Modern nomads reveal 3 ways to pare down possessions and save
House sitters and a vanlifer reveals strategies for simplifying and saving. Read their 3 tips on how to cut down on your spending.
I consider myself your average young professional. I spend most of my days working 9 to 5 in front of a computer. My evenings consist of walking the dogs, cooking, reading and watching Netflix.
There's only one difference: I move every month, and I haven't paid rent or a mortgage in over a year.
In June 2018, I packed up my life and became a full-time house sitter. I adopted the unconventional lifestyle partially because I had debt. A lot of it.
Like many millennials, I graduated from university during the peak of the recession. Although I'd worked hard and was careful with my money, years of living in urban centres and enjoying the corresponding lifestyle of dining out, frequent travel and shopping had caught up with me. Getting my finances in order called for a drastic change.
It worked. In the last 6 months alone, I've paid off more than $10,000 in debt on only a modest salary. The savings haven't just come from getting rid of overhead living expenses, though. They go hand-in-hand with my lifestyle.
As a modern nomad, here's what I've learned about simplifying your life and savings. Best of all, of these strategies are easy to adopt without giving up your house.
1. Pretend everything you own has to fit in a finite space
In the last year, I've lived in everything from an expansive 4-bedroom home to a tiny house in the countryside. But it's not the size of homes that limits my physical possessions; moving frequently means that everything I own has to fit in my car. Impulse shopping is now out of the question, including for items I wouldn't usually think about, such as specialty foods that can eat up both your budget and room in your fridge.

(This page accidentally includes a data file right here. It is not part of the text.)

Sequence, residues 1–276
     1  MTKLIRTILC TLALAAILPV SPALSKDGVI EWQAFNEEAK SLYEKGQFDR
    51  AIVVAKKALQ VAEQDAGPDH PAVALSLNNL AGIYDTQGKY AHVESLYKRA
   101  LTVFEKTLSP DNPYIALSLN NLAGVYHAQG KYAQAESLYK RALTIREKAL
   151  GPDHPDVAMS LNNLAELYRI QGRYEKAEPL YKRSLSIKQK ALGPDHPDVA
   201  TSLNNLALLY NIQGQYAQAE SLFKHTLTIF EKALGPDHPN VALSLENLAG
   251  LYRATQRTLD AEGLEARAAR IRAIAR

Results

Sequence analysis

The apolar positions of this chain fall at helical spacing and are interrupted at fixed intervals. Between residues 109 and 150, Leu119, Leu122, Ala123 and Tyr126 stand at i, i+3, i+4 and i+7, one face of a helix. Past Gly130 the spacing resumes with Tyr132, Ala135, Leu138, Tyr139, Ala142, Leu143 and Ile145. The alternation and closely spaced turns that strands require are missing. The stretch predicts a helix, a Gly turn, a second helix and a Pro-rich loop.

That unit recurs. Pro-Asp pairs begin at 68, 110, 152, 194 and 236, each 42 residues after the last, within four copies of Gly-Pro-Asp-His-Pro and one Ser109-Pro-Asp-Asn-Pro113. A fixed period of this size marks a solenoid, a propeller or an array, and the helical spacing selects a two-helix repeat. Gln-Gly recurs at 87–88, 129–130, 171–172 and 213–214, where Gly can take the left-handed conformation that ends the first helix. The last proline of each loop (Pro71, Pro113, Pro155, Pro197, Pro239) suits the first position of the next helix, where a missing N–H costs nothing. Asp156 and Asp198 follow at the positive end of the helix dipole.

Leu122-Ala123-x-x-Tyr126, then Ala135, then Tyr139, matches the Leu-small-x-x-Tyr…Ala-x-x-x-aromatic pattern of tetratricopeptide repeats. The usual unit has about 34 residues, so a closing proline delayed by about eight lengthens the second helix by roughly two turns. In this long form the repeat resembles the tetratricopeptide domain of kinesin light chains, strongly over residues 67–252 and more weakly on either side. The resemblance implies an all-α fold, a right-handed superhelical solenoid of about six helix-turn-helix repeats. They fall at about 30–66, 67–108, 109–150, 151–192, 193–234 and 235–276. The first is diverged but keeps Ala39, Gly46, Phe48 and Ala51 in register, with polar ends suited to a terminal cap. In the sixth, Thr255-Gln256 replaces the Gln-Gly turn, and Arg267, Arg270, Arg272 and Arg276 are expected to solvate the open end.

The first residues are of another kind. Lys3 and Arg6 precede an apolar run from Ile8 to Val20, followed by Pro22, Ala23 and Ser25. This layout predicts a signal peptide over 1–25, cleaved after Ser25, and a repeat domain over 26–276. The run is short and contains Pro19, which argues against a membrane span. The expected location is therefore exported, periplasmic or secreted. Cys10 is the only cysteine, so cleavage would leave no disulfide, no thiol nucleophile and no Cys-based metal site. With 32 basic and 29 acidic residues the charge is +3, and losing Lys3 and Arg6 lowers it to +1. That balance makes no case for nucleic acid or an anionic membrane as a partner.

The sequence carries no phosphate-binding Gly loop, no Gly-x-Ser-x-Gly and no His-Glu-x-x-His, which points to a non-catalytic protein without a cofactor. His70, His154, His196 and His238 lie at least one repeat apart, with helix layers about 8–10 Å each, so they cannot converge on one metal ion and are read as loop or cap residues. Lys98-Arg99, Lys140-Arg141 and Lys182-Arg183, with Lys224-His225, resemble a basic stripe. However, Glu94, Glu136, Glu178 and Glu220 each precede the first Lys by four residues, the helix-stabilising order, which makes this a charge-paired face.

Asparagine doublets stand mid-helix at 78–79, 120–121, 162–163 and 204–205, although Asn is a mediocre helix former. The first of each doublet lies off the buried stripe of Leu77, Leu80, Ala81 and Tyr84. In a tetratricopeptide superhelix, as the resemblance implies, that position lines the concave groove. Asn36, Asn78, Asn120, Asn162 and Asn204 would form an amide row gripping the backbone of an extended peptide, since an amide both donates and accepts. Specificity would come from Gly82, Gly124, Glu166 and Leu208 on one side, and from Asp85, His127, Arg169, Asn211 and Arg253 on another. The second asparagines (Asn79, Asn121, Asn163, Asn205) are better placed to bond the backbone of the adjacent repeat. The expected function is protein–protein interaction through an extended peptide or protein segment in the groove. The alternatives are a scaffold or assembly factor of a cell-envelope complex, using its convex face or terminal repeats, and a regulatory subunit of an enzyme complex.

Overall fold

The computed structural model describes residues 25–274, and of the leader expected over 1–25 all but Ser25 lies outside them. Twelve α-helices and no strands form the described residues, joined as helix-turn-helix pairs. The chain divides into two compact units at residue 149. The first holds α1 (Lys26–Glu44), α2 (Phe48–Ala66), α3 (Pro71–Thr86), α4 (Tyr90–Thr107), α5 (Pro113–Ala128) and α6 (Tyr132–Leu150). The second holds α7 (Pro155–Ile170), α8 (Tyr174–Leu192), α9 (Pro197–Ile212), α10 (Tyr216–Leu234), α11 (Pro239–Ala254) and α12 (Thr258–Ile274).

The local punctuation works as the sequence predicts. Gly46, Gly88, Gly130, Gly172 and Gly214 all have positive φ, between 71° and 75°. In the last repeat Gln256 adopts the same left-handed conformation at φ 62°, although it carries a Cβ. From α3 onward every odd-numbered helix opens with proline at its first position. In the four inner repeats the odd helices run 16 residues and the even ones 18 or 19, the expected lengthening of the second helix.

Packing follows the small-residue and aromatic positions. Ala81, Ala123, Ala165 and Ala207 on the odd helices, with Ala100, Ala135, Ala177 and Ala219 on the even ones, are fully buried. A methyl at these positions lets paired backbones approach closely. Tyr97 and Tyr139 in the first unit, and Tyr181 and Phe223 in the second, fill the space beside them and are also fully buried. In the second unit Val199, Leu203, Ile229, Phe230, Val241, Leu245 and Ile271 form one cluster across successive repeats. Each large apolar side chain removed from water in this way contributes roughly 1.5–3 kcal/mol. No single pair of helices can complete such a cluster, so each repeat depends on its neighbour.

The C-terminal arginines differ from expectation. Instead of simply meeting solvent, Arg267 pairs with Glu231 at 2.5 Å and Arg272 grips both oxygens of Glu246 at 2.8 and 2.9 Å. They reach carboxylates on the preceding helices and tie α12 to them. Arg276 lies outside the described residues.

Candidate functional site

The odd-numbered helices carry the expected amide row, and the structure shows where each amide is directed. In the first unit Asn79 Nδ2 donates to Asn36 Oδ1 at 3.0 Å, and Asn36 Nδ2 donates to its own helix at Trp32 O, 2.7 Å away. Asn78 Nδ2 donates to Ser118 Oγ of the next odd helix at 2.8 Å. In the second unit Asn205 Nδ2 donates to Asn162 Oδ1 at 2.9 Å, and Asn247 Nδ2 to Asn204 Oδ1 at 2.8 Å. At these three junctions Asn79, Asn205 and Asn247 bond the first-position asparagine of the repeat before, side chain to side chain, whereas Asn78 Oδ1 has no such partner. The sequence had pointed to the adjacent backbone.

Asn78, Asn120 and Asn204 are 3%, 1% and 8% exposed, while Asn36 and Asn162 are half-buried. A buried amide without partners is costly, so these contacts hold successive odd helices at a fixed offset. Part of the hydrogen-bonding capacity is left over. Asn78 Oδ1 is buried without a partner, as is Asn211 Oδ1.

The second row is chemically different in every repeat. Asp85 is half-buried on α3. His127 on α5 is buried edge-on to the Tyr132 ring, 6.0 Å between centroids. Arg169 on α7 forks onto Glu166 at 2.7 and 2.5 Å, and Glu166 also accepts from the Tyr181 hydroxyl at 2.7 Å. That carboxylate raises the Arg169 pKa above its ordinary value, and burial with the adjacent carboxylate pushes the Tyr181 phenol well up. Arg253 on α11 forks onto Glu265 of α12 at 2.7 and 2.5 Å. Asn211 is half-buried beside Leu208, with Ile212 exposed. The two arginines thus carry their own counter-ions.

If I'm anything like Dalene and Pete Heck, this lifestyle change will stick when I return to “normal” life. Before the couple began their 6-year journey that took them to 12 different countries in 2010, they lived in a 2,100 square foot or 195 square metre home. When they returned to Lethbridge, Alberta, they downsized to a space that is only 1,200 square feet or 111 square metres.
“If we want to purchase a new item, we do so knowing we need to unload another in order to make room. That forces us to consider our purchases carefully,” says Dalene. “Nomadic travel taught us that living minimally is so very freeing. We prefer to focus our energy on experiences and making memories.”
So, what do you do if you need something, but don't own it? An easy change is to borrow before buying. Libraries, including toy and tool libraries, are your friends, as are local pay-it-forward groups.
2. Get all of the joys of pet ownership with none of the costs
One of the reasons I wanted to housesit was so I could spend my days booping dogs’ noses. I love dogs, but know firsthand that the costs of a furry friend, including vet bills and pet insurance, can add up quickly.
Yet, dog ownership can also be a good way to save money. No expensive gym membership is needed when you have a pooch that needs to be walked, and you can't spend money on an impulse night out when you need to go let the dog out.
Housesitting isn't the only way to take advantage of these benefits. You can replicate the experience by fostering an SPCA animal or becoming a Puppy Raiser for the Canadian National Institute for the Blind, a unique program that allows you to foster a guide dog for the first year of its life. In both cases, food and vet costs are covered.
Perhaps the greatest key to my success has been sticking to a strict weekly allowance. My only real costs are food, transportation and entertainment. Rather than breaking this down into 3 different categories, I keep it simple by allocating myself a lump sum. Food obviously comes first in the hierarchy, followed by transit. Anything that's left over at the end of the week is spent on entertainment such as dining out.
Jesse Bromm, a Vancouver-based artist and glassblower, started living in his truck in 2017. The lifestyle, he says, allows him to put away what he was spending in Toronto on rent every month, and it gives him a chance to do something he'd never done before: treat himself.
“As an artist, it's usually feast or famine,” he says. “I now have a disposable income and have been improving my quality of life. I eat out, take road trips and spoil my dog.”
Bromm hits on an important point: Even if saving is your top priority, it shouldn't come at the cost of your mental or physical well-being.
Living minimally and maximizing your savings doesn't have to be about sacrifice or complex mathematical formulas. At its heart, it's about identifying your value systems and investing time, money and energy into what matters to you most. After all, home is where the heart is, even if it's on a set of wheels or if it happens to be someone else's.